The New Zealand media has once again reacted savagely to the British & Irish Lions loss against the Blues at Eden Park…
They again offered little on attack and now face the prospect of taking on the All Black-laden Crusaders pack three days later in Christchurch. Good luck with that.
On a wet Auckland night, the Lions also showed their hand and potentially lack of aerobic fitness by attempting to slow the pace at every opportunity – walking slowly to each lineout especially.
Pressure, patience and phases did not translate into points, though french referee Pascal Guzere did the Lions few favours.
The Lions looked like they might escape, but the Blues picked them up, held them in the air and speared the body into the ground. This was Tana Umaga’s night of redemption. This was the moment when he can finally move on from that moment of brutality 12 years ago.
Just as it was back in 2005, some of the officiating was bizarre, to say the least, and the Lions players did extremely well to keep their mouths shut. But it has always been thus at Eden Park and the Lions had better get used to it in a hurry, because there are two test matches yet to be played at the ground.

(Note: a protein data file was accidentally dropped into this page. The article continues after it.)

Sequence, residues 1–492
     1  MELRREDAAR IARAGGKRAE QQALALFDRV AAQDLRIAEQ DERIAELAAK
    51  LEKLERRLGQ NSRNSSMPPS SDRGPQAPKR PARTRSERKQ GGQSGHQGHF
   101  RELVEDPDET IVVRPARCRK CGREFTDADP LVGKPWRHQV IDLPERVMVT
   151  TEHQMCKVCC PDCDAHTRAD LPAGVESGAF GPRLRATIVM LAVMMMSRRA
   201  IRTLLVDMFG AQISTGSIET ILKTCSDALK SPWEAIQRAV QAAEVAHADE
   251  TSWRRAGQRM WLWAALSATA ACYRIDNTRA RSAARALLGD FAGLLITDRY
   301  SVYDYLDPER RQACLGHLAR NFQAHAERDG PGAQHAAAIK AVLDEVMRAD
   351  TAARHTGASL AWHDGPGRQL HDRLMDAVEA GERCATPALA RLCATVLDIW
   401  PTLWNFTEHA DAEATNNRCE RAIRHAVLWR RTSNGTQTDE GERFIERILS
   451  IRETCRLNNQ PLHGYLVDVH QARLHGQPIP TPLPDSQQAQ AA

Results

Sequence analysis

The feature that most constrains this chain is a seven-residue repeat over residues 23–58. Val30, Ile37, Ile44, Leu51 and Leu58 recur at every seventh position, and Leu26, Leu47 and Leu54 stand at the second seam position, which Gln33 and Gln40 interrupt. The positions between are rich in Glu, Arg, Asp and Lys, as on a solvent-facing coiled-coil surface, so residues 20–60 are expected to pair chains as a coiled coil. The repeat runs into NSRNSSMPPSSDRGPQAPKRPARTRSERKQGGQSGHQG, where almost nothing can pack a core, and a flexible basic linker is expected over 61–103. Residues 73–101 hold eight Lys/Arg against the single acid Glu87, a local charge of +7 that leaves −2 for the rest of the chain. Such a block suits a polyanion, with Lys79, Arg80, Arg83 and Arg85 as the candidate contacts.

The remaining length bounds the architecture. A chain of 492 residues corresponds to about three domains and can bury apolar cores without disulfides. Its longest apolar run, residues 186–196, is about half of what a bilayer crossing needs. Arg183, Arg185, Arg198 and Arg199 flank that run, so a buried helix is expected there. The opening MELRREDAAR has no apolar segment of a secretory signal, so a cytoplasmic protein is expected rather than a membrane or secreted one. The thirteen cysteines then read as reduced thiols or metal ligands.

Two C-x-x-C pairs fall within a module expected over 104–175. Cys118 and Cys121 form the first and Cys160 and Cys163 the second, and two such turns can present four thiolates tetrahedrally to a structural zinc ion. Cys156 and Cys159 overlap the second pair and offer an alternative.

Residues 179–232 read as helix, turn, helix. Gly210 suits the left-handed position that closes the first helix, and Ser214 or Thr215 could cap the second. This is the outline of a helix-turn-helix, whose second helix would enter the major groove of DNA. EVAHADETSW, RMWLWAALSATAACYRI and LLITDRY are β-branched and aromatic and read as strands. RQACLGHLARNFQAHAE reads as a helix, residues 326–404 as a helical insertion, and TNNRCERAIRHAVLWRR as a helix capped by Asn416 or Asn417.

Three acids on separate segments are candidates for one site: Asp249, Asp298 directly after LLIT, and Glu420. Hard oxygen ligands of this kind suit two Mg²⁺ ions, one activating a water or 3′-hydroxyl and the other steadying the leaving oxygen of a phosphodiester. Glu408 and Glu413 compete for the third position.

It was at least an improvement on the shambles at Whangarei, and the upswing was led by the Lions 22-year-old lock Maro Itoje. The young Englishman sounds genuinely excited to be here and he played like it.
What can you say? Typical Blues maybe? There they were, drifting out of the game because their scrum was being destroyed and the Lions were slowly grinding them to defeat and wham, four bits of individual brilliance and they pulled off the most sensational win.
Michael Collins made a miracle high ball take, Steven Luatua flipped one offload, Sonny Bill Williams went 40 metres to offload again and then Ihaia West dazzled his way to the tryline.
Magic. Maybe the try of the season so far and with one passage the Blues not only re-wrote their own history, they have left the Lions teetering on the brink of collapse just two games into the tour.